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            According the Texas Department of Public Safety’s web page, hate crimes in Texas have risen by 22.9% for reported incidents, 22.8% for reported offenses, and 13.1% for reported offenders followed by 8.0% for reported victims just up in one year, from 2013 to 2014. This doesn’t even take into account the incidents that were not reported. 

“The total number of reported Texas hate crime incidents in 2014 was 166. This represents an increase of 23 percent when compared to 2013. These incidents involved 190 victims, 198 offenders, and resulted in a total of 167 offenses.” (http://www.txdps.state.tx.us/crimereports/14/citCh6.pdf)

“In 2014, the largest percentage of hate crime reports in Texas were race/ethnic/ancestry in nature. The second most commonly reported bias motivation was sexual orientation. The third most common bias was religious. The fourth most common bias was disability.” (http://www.txdps.state.tx.us/crimereports/14/citCh6.pdf).

To that end, Conner said, “There are a large number of transgender people who are also people of color—everything is an intersection of something else.”

So, what is the Texas Equal Access Fund? What role does Conner play in this organization?

“We help provide funding for people in North Texas who can’t afford an abortion.” Abortion continues to be a controversial, polarizing topic of conversation especially in Texas with the passing of HB2. “There are 1 in 3 women who get abortions. We probably receive anywhere from 70-90 calls per week per week from individuals in north Texas seeking abortion access, so it’s not like no one is having abortions. We only hear from those who are truly in need of financial assistance and we are never able to assist everyone who requests our help.  The idea that abortion is rare or that it should be rare is an archaic notion. The truth is you’re not faced with that situation until it actually happens to you and at that time we make decisions with our futures, our families, our religion, our health and our safety in mind.  I remember when you had your abortion and how badly I felt that you were there all by yourself and more so that I could not be there with you during that experience,” she says.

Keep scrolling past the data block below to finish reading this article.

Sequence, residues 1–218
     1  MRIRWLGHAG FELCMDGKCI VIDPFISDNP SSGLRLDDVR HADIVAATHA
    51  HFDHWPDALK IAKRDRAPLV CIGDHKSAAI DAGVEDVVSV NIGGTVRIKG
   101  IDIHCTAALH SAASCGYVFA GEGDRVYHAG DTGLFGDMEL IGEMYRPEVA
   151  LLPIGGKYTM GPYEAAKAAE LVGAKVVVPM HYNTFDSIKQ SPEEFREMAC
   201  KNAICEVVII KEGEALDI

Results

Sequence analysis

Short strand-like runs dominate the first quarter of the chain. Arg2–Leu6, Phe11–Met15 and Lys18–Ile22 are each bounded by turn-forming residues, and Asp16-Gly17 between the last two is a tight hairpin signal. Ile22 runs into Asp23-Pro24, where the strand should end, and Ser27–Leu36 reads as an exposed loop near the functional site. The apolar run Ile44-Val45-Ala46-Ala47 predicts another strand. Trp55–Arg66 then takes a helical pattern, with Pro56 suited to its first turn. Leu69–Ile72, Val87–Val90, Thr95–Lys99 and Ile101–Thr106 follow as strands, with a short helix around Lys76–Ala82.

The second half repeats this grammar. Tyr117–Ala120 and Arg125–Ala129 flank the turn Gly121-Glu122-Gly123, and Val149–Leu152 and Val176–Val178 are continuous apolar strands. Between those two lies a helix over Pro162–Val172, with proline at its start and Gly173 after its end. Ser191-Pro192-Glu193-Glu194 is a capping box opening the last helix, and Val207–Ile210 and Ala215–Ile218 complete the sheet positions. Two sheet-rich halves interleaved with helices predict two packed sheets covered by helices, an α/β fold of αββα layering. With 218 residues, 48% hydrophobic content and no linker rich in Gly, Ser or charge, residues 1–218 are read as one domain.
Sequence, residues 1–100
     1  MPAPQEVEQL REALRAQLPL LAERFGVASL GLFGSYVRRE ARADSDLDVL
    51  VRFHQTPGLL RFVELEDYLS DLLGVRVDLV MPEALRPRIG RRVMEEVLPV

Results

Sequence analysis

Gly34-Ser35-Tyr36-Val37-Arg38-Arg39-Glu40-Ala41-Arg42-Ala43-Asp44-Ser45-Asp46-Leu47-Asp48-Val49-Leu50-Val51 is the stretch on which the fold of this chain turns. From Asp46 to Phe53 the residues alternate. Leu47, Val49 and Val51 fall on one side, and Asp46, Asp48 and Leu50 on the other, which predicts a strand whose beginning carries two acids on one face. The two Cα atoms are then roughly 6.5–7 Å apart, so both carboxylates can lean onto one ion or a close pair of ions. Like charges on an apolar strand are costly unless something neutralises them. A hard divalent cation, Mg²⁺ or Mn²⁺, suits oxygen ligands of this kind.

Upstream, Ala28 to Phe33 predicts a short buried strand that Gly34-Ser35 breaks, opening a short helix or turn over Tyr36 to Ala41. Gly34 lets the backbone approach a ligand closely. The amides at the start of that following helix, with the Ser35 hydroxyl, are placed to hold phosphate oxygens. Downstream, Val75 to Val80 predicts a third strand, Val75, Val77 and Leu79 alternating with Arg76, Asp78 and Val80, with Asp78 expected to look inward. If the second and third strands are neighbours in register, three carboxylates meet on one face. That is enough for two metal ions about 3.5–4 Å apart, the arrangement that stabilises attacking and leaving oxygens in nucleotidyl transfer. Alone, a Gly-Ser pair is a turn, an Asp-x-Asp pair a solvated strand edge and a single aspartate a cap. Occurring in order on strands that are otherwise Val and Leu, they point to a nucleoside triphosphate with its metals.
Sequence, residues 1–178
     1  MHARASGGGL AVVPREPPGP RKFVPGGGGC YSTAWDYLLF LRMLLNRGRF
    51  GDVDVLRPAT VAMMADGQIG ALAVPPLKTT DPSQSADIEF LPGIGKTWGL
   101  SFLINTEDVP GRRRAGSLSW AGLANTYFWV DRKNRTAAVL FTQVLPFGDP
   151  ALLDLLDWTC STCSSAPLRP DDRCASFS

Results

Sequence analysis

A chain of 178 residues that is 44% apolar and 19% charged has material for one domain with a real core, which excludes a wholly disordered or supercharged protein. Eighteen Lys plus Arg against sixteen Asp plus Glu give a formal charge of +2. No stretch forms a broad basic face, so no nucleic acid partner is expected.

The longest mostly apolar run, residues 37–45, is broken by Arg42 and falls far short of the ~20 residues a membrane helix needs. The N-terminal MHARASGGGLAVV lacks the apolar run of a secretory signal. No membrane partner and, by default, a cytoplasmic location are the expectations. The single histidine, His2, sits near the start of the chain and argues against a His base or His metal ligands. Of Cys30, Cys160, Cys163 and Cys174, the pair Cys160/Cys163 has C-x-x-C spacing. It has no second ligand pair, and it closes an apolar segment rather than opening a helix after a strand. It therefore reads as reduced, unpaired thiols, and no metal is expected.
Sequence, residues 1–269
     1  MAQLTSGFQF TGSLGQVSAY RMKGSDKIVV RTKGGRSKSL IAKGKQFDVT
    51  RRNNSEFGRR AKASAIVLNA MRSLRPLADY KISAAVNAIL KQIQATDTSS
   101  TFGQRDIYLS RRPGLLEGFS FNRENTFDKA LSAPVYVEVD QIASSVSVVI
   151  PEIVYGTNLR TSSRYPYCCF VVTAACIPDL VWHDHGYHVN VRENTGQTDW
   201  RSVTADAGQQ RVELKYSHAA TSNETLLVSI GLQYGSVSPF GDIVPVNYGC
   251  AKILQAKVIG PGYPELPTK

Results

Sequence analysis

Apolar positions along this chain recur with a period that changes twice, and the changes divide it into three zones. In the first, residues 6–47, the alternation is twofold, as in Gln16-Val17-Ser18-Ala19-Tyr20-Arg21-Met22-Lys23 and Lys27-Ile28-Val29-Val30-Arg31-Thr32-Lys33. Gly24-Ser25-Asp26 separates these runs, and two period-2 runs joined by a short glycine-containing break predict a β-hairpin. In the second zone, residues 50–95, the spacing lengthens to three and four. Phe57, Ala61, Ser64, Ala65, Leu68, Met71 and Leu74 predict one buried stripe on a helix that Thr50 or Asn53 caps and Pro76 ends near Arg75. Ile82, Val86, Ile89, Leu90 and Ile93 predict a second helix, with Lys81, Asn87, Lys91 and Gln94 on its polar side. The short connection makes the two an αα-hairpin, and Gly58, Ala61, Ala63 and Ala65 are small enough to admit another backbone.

Wait, you remember it that vividly?

“Yes, of course. We talked that day and the next. I remember you telling me that when you sat and looked at all the other women waiting next to you, you were temporarily bonded, but knew that you would all part ways and probably never talk about it again, and possibly never tell anyone. More people should talk about it.”

Conner and I met at Wichita Falls High School, during the school year of 1998-1999, also known affectionately to residents of Wichita Falls as simply, “Old High.” After becoming fast friends, we have kept in touch all these years.